Discovering Veganism as a Farmer: A Veganic Story

Guest post by Matt Loisel, veganic gardening instructor, co-founder of Lazy Millennial Farms and creator of Murder, a graphic novel on a domesticated animal uprising. Follow him on Instagram.

Four years ago, my wife and I were just a couple of vegetarian gardeners going about our lives, knowing nothing of veganic agriculture or its role in the sustainability of our species. Two years later, we were commercial farmers who had founded the Bay Area’s first and only veganic farm and CSA program.

Four years ago, in typical millennial fashion, a long series of Netflix documentary binges set us down a path of research that convinced us we needed to start a farm for ourselves. The goal was to develop a set of practices that would be both ethical and sustainable.

While chicken tractors, heliciculture (or snail rearing), and high intensity quail egg production tempted us along our path to discovering our identity, we ultimately happened upon the Agricultural Land Based-Association (ALBA). ALBA is a small non-profit in Salinas that trains people who are passionate enough about agriculture that they want to start their own farms. Through our ten-month course we learned all of the basic, essential skills we would need to run a successful organic vegetable farming operation.

Brittany Loisel at Lazy Millennial Farms

What we learned covered a huge swath of topics, from crop planning and bookkeeping, to tillage and plant nutrition. I did my best to absorb all of the information, and the ten months quickly expired. At the end of the technical training, some students were accepted into the farm incubator program to lease land and try their hand at starting their own farms. It was around this time, right before we signed our first lease, that both my wife and myself decided to go… vegan. *crowd gasps*

Our decision was entirely based on the idea that it was the most sustainable diet we could have. However, mere moments after making our minds up to change our diets, it dawned on us that all of our agricultural training leading up to this point had relied heavily on animal byproducts for fertility. There had been no discussion or mention of alternative sources of plant nutrition, only those most readily available to us. Blood meal. Bone meal. Feather meal. Fish emulsion. Manure.

Of course, none of this had been foreign to me. My grandma, or as I call her, “Ammama,” had brought gardening with her when she and my grandfather came to America in the 1960s. It was through her that I learned how to grow plants. I showed little interest towards it in my childhood, but something awoke in me in high school that made me want to start my own garden.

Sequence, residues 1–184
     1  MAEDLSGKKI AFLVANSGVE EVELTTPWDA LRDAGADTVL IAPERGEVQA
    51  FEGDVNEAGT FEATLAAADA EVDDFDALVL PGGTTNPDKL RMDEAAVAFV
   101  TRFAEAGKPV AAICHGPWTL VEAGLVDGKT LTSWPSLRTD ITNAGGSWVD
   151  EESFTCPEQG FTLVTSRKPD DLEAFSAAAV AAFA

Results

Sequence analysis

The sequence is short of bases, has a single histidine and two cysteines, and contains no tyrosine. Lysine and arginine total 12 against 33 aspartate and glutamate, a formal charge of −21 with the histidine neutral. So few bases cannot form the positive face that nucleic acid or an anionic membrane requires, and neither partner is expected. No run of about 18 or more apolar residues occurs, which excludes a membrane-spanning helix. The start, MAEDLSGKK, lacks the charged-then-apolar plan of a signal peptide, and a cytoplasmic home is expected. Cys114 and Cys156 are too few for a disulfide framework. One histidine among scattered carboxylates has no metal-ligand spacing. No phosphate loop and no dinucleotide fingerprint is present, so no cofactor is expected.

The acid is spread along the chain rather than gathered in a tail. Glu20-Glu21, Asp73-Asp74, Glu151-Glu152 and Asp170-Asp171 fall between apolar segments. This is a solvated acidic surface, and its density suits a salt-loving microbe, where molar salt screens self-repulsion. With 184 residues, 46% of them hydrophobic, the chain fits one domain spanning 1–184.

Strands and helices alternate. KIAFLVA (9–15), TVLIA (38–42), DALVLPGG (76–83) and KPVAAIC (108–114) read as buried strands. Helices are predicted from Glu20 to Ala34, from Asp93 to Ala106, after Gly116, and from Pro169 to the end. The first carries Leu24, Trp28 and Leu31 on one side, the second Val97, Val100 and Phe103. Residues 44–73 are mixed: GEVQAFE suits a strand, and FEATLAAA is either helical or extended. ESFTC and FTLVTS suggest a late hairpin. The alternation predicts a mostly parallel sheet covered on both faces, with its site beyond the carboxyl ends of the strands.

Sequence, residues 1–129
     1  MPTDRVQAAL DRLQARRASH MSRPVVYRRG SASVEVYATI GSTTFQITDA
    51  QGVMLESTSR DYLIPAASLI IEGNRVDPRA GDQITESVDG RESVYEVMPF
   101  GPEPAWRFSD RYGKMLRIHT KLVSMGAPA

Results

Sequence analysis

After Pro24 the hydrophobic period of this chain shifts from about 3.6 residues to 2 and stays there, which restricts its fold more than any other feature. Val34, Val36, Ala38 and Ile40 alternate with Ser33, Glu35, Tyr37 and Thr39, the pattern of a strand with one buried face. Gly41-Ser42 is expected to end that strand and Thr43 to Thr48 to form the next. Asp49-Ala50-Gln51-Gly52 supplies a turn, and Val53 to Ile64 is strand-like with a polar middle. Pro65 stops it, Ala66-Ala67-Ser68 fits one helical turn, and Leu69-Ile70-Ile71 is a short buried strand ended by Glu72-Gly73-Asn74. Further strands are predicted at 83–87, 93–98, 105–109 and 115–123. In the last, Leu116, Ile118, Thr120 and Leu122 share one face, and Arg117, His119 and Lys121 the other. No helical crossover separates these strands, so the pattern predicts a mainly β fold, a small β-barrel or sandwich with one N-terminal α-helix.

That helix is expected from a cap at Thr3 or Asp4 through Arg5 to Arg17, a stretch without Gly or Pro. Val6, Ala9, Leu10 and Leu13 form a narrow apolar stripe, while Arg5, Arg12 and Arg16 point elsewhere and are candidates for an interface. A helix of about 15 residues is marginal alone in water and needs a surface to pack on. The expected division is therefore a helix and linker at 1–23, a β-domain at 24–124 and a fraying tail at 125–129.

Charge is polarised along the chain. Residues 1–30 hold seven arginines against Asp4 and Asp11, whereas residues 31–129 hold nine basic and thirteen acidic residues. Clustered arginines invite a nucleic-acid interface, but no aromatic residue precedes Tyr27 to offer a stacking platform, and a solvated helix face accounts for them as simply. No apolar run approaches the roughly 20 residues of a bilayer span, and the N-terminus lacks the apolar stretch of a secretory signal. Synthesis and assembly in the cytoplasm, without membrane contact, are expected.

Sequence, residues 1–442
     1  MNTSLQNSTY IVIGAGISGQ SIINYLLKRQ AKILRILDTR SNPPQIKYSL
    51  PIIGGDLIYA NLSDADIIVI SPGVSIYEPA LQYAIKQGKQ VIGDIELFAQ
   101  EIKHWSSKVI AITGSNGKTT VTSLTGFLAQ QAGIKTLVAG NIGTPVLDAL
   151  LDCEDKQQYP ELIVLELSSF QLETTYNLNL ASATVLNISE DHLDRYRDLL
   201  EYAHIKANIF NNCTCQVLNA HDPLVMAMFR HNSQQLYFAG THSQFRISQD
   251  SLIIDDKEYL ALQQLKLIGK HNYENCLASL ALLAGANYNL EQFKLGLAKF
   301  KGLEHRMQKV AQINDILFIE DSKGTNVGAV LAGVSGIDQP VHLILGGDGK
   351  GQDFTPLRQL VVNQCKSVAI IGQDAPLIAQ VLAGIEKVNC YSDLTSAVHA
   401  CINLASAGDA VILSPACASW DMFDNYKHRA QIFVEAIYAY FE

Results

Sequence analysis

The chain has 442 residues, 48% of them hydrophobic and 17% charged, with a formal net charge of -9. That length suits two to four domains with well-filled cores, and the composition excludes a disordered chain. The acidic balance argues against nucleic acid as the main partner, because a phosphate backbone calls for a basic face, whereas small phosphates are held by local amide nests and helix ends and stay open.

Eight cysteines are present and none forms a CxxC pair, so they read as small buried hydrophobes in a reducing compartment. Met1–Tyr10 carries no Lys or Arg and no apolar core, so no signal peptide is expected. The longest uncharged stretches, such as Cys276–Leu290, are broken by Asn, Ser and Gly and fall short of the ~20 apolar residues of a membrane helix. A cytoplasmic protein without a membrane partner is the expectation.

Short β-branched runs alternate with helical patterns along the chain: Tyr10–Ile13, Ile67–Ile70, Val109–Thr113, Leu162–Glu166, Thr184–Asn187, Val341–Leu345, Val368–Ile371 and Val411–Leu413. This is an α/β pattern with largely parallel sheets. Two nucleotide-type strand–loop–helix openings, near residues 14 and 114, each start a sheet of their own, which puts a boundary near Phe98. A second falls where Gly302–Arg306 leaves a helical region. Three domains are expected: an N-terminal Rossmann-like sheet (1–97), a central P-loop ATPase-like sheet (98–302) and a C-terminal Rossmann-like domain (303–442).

My grandma and I went down to the local nursery, loaded up on compost and transplants, and I started my very first garden. My grandma was by no means an organic gardener, but to this day I continue to use many of her methods on our garden. She had her own compost bin, weeded religiously and grew a large variety of plant families, but also used conventional herbicides, pesticides and fertilizers. Of the many lessons that I would learn from Ammama, some of them would end up being what not to do.

Fast forward years later: while I studied to become a farmer, the garden that I was growing at home was entirely organic and pesticide-free but by no measure veganic. Our house was surrounded by horse ranches, so free manure was everywhere for the taking. I had never heard of veganic gardening or agriculture. Never heard an argument in its defense. I had never even heard of it as a vague concept. It wasn’t until we were on the precipice of signing our lease that I started to think about veganic agriculture.

The first step in our journey of discovery was in typical millennial fashion: through Google. Google will tell you some interesting factoids about whatever you may be interested in, but when we tried learn about more in-depth aspects to long term, large-scale veganic production, there was very little to glean.